Take the 2-minute tour ×
Mathematics Stack Exchange is a question and answer site for people studying math at any level and professionals in related fields. It's 100% free, no registration required.

Let $B = \left( {\begin{array}{*{20}{c}} \lambda & 1 & 0 \\ 0 & \lambda & 1 \\ 0 & 0 & \lambda \\ \end{array}} \right)$ where $\lambda \ne0$.
(i) Find the smallest positive integer $k$ such that ${(B - \lambda I)^k} = 0$.
(ii) Explain why for every $n \geq 1$, ${V_n} = \left\{ {v \in {R^3}|{{(B - \lambda I)}^n}v = 0} \right\}$, $V_{n}$ is a subspace of $R^3$.
(iii) Find the smallest positive integer $n$ such that $V_{n}=R^3$.

Here are my thoughts so far, I think I'm halfway to the final answer, just need some help and double-check on this, thanks!
For part (i), I could do nothing but to try plugging $k=1$ up to $k=3$ and got $k=3$ as the answer. For part (ii), since $V_{n}$ is the nullspace of $(B-\lambda I)^n$,$V_{n}$ is a subspace of $R^3$. For part (iii), $V_{n}=R^3$ means the nullity of $(B-\lambda I)^n$ equals 3, thus its rank is 0. This happens iff $(B-\lambda I)^n$ is the zero matrix, hence it follows from (i) that $n=3$.

share|improve this question
4  
Looks to me as if you’re done. For (i) you could also note that $B-\lambda I$ sends $e_3$ to $e_2$, $e_2$ to $e_1$, and $e_1$ to $0$, so $(B-\lambda I)^2$ collapses everything to multiples of $e_1$, and $(B-\lambda I)^3$ kills off everything. –  Brian M. Scott Nov 17 '12 at 7:04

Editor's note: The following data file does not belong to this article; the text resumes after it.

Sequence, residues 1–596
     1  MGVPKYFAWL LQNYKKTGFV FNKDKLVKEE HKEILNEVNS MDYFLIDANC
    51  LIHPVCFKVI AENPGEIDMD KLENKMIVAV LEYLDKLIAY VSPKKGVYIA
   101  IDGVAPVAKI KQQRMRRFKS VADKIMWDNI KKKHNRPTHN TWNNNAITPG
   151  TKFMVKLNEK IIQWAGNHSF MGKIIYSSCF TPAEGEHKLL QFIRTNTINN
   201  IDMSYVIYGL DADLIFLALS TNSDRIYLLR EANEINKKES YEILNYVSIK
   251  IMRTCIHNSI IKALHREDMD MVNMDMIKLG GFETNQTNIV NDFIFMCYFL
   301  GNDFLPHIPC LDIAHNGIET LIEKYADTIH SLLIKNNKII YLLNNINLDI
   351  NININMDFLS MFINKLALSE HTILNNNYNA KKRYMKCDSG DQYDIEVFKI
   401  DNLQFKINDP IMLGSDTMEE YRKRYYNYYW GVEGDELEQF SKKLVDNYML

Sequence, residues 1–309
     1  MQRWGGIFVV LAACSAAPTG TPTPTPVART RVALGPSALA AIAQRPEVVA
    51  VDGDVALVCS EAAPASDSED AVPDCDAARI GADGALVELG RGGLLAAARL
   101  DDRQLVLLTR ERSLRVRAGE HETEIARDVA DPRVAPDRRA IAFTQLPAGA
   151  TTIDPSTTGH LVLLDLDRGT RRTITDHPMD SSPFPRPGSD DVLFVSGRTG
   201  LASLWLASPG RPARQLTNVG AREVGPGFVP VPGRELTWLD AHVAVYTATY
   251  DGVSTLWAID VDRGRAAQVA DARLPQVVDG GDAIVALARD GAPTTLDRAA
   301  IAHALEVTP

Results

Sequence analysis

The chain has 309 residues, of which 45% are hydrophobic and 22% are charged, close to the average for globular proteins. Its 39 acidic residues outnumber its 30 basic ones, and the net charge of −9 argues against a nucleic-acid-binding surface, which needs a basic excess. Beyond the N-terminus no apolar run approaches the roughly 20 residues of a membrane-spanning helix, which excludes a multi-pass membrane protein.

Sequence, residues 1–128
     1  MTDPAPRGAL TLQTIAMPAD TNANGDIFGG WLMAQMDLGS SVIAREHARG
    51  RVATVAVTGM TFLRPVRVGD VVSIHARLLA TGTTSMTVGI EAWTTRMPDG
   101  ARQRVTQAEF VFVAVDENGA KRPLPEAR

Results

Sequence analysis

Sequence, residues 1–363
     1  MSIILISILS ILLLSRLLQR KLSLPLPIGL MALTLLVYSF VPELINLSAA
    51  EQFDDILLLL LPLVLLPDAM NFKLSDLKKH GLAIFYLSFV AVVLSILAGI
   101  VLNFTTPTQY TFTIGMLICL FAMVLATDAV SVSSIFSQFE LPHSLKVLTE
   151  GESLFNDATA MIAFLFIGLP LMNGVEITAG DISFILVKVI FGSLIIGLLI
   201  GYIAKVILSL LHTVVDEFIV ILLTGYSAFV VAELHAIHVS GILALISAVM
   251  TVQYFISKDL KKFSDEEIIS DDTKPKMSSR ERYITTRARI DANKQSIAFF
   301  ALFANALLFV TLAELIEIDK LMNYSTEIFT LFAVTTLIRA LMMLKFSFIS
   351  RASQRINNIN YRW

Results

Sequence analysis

3  
A useful thing to remember for matrices like these (Called Jordan Blocks by the way) is that the level of their nilpotence is based on the location of the diagonal of $1$s; each power will move the diagonal up one level. –  EuYu Nov 17 '12 at 7:06
    
Very nice, thank you all! –  drawar Nov 17 '12 at 7:20

1 Answer 1

When dealing with Jordan blocks, it helps to keep in mind the shift operator $S$ which sends $e_j$ to $e_{j-1}$ when $j>1$, and kills $e_1$. Every Jordan block is the sum of a scalar operator with a shift. In your case, $B=\lambda I+S$.

i) The $k$th power of $S$ is the shift by $k$ indices: $S^k$ sends $e_j$ to $e_{j-k}$ when $j>k$, and kills $e_j$ otherwise. This makes it identically zero once $k$ reaches the dimension of the space, which is $3$.

ii) nothing to add here: a nullspace of any linear operator is a linear subspace

iii) is indeed just i) in another language, with same answer.

share|improve this answer

Your Answer

 
discard

By posting your answer, you agree to the privacy policy and terms of service.

Not the answer you're looking for? Browse other questions tagged or ask your own question.